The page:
Luc Ferry, Conseil d'analyse de la société

In Defense of Civic Service Publication date : September 11, 2008

In this study, commissioned by President Nicolas Sarkozy, Luc Ferry examines the feasibility of creating a civic service to engage youth in community-interest projects, of a humanitarian, social, cultural or environmental nature. Written with the assistance of members of the French Council for Social Analysis, the book covers the principles, goals, practical conditions and cost of implementing a civic service in France.

Conceived in the wake of the autumn 2005 riots in the Paris region, the idea of creating a civic service was initially greeted with apparent consensus, but it hides a profound disagreement between two groups whose views are hard to reconcile: those who want a mandatory service and those who favour a volunteer service.

Though both groups agree on the twin goals of stimulating good citizenship and promoting more social mix, their perspectives are different. The first group argues that the “duty of serving” must be instilled in all young people in order to fill the gap left when France's mandatory military service was suspended. The second group hopes to further the societal integration of youth by creating the conditions that will “help them to help others” and by valorising their generosity and their social contribution. In the first case, the goal is to restore France's old republican model; in the second it is to re-energise collective values, while allowing for contemporary individualism by encouraging personal participation. One case goes from the general to the particular, the other from the particular to the general. Obliging young people to be useful — “forcing them to help” — is the exact opposite of “helping them to help others”. And no one will thank you for what you were forced to do.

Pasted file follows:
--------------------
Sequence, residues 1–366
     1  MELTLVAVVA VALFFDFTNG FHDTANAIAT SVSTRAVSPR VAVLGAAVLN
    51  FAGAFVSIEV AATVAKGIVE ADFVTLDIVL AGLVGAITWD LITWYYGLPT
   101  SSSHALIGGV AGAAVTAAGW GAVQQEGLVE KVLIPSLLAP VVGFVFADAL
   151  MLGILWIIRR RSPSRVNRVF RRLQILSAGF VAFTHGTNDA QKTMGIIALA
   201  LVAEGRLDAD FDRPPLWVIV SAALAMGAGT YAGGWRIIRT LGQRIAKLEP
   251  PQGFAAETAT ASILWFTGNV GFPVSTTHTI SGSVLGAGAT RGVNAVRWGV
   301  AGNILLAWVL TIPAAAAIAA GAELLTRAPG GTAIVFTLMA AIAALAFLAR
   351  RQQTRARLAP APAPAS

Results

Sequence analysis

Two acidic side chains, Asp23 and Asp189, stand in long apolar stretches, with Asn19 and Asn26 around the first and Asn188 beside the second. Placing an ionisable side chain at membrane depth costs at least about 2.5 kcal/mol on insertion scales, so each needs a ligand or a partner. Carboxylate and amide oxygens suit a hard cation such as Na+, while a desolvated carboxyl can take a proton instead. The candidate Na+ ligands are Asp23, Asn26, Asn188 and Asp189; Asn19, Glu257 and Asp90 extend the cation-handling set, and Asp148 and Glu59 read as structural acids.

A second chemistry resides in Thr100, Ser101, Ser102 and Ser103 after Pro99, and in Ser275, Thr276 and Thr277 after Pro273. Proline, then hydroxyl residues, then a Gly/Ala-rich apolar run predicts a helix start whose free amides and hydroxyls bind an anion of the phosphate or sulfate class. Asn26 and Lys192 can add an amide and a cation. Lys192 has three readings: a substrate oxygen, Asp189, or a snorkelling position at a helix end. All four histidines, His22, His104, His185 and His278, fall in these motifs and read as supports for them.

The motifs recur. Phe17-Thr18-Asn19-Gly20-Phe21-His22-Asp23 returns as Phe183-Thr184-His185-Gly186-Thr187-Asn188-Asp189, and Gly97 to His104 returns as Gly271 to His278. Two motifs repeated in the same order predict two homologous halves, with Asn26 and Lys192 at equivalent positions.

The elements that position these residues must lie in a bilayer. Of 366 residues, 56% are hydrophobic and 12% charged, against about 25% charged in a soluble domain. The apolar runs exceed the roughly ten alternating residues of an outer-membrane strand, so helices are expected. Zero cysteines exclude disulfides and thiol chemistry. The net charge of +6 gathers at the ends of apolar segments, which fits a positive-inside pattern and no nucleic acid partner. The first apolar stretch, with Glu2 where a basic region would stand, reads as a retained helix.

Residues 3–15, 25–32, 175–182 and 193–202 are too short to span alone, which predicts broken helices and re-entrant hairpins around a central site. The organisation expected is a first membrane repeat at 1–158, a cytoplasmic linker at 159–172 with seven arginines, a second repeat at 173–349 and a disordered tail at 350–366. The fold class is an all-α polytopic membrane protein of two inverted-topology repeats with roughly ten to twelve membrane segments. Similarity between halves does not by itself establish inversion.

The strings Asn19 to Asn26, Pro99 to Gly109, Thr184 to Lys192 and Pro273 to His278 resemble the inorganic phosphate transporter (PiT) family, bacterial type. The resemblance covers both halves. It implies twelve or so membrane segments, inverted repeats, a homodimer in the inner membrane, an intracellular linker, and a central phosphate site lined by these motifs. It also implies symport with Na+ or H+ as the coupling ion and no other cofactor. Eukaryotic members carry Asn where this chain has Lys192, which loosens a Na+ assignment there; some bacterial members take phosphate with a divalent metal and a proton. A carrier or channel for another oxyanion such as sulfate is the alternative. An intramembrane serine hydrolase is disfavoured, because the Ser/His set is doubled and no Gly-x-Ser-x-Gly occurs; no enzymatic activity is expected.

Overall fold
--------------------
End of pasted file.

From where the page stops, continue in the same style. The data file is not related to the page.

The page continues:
The book compares the assumptions underpinning several hypotheses, as well as the details of their implementation: mandatory or voluntary service; long- or short-term participation during a continuous period or broken up in intervals; granting participants more or less freedom in choosing activities; crediting young participants for their experience or not. The book also evaluates the cost of each hypothesis, focussing on the goal of reducing the budget deficit. It tries to define the political impact of civic service: How would young people, the first to be concerned, react? Finally, the author proposes the solution that he sees as the most likely to satisfy the contradictory expectations raised by the creation of a civic service.

Luc Ferry is most notably the author of Vaincre les peurs (2006). A professor of philosophy at the University of Paris-VII, he was formerly French Minister of Education and president of the Conseil National des Programmes (the official body that determines French school curricula). His books, which have been translated in more than 25 countries, include Qu'est-ce que l'homme? (with Jean-Didier Vincent, 2000; paperback, 2001), Lettre à tous ceux qui aiment l'école (with Xavier Darcos and Claudie Haigneré, 2003), Qu'est-ce qu'une vie réussie? (2005) and Apprendre à vivre (2006).